Does a master’s degree and, in particular, an M.Ed., really mean that a teacher is a ‘master’ of what he or she does, teach?
In a speech at an American Enterprise Institute forum back in November, Secretary of Education Arne Duncan said, according to the Chronicle of Higher Education, that state and local governments ought to reconsider their policies of granting pay raises to teachers with master’s degrees ‘because evidence suggests that the degree alone does not improve student achievement.’ Philanthropist Bill Gates has also suggested that bonuses for teachers with master’s degrees are pretty much a waste of money—-just the thing to cut at a time when so many school districts are straining to balance their budgets.
According to a November article in KOMONews (Seattle), 48 percent of public school teachers in the had a master’s degree or above in 2008. Moreover, almost every one of these teachers received a bonus of between $1,423 and $10,777 each year, according to research from the University of Washington. This amounts to more than $8.6 billion in bonuses to teachers with master’s degrees.
90 percent of those degrees are in education, rather than in specific subject areas such as English, according to a study by Marguerite Roza and Raegen Miller for the Center on Reinventing Education at the University of Washington. Research done in 1997 by their colleague Dan Goldhaber has ‘shown that students of teachers with master’s degrees show no better progress in student achievement than their peers taught by teachers without advanced degrees.’ Repeated studies have shown the same results.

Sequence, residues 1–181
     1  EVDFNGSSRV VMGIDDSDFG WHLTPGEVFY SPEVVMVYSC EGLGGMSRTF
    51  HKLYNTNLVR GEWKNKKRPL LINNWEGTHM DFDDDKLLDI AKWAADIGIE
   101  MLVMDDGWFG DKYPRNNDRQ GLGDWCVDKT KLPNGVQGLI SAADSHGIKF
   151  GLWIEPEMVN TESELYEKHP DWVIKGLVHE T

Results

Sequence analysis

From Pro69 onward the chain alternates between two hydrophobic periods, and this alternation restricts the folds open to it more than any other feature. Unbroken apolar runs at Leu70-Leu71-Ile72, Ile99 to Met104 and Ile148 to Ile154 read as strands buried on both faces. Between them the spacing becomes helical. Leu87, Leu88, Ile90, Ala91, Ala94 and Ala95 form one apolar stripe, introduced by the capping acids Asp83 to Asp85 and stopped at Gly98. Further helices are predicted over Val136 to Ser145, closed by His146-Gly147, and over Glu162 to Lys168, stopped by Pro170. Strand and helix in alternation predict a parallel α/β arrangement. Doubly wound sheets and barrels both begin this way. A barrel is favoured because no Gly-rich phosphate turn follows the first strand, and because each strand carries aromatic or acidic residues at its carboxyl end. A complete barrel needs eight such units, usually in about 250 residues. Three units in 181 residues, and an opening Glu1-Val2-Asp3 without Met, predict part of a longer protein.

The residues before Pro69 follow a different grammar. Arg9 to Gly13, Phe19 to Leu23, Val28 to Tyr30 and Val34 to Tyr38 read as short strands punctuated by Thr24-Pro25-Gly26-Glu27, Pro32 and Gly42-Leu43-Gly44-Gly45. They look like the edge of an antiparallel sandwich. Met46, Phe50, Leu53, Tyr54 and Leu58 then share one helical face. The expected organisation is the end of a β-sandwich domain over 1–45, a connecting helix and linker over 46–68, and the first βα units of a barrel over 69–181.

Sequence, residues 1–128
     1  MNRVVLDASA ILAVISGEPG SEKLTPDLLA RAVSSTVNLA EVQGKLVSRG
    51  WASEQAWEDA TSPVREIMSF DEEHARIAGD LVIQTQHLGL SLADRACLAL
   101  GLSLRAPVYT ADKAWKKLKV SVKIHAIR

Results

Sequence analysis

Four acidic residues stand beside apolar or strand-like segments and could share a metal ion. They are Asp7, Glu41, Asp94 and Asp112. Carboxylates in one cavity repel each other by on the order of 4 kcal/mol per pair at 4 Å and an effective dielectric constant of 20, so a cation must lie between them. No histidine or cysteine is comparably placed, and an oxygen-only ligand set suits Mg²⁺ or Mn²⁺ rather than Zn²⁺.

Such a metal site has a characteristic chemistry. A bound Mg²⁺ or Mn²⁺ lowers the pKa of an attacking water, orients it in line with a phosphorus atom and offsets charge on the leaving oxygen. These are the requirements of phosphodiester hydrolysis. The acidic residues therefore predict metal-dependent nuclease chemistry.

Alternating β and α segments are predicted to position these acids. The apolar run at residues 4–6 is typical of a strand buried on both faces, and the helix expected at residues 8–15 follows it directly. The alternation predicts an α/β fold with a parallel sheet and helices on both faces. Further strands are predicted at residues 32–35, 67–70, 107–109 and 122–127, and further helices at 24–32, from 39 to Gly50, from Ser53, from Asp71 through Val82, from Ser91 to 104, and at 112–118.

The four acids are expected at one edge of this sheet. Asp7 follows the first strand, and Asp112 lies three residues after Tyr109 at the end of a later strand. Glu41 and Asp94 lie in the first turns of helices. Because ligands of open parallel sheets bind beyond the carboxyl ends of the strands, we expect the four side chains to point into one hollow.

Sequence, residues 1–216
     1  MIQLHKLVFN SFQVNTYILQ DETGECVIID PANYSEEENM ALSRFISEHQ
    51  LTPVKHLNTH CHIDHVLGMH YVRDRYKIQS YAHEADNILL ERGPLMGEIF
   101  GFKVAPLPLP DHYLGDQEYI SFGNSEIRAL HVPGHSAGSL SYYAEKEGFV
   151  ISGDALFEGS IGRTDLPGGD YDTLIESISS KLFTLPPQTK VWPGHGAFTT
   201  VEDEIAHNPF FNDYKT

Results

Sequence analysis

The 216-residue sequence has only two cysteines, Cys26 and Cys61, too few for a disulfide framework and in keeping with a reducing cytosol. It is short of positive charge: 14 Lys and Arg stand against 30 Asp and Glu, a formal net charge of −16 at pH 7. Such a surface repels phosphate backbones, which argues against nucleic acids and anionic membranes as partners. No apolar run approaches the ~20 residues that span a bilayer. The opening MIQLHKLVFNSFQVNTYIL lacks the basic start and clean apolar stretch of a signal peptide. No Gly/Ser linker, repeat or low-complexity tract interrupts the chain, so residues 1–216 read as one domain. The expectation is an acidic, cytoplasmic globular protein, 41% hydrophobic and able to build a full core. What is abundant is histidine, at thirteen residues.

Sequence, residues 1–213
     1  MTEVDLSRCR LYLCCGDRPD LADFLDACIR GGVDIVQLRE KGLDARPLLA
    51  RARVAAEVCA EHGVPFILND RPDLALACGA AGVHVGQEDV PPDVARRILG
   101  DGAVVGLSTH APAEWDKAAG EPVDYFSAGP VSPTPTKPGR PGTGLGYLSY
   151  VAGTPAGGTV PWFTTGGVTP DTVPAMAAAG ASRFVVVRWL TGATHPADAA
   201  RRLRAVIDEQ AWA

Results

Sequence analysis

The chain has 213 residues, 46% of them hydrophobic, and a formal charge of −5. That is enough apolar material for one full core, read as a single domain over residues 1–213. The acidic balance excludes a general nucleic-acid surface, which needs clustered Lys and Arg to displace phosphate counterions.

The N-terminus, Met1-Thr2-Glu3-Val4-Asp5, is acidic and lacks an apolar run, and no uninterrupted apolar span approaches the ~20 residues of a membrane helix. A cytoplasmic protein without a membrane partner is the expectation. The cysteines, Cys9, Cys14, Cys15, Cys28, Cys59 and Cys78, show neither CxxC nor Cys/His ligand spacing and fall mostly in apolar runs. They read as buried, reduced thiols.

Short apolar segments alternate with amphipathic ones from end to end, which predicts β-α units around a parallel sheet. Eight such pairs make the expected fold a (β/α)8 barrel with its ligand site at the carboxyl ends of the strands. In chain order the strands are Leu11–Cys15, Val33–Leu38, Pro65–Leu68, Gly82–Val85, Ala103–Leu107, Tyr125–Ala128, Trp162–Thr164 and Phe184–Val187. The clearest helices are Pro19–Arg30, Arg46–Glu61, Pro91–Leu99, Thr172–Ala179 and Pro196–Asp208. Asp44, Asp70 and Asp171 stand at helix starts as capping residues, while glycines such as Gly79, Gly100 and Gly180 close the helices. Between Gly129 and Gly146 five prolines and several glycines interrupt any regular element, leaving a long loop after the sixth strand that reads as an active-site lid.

Over at EdWeek there’s a discussion going on about whether or not Master’s Degrees matter and also, in a more productive vein, about alternatives for what teachers should get raises for, including limiting bonus pay to getting degrees in specific areas (i.e., not education) and linking pay to evaluations.
Goes without saying that changing the practice of teachers receiving bonus pay for earning a Master’s degree is going to take some doing. KOMONews quotes Erick Hanushek, senior fellow at the Hoover Institution at Stanford University, who notes the ‘biggest losers’ will be university education schools who ‘make a lot of money on master’s degrees.’ According to Hanushek,
“There’s a relationship between education schools and teachers that is not particularly healthy,” he said.
Hanushek said the University of Washington estimate of the $8.6 billion annual cost of master’s degree money is low.
“It’s what you would call free money, but not from a political standpoint,” he said.
Seems to me that we have got to reexamine the whole business of teaching teachers to teach—-perhaps it has become too much of a business, indeed.
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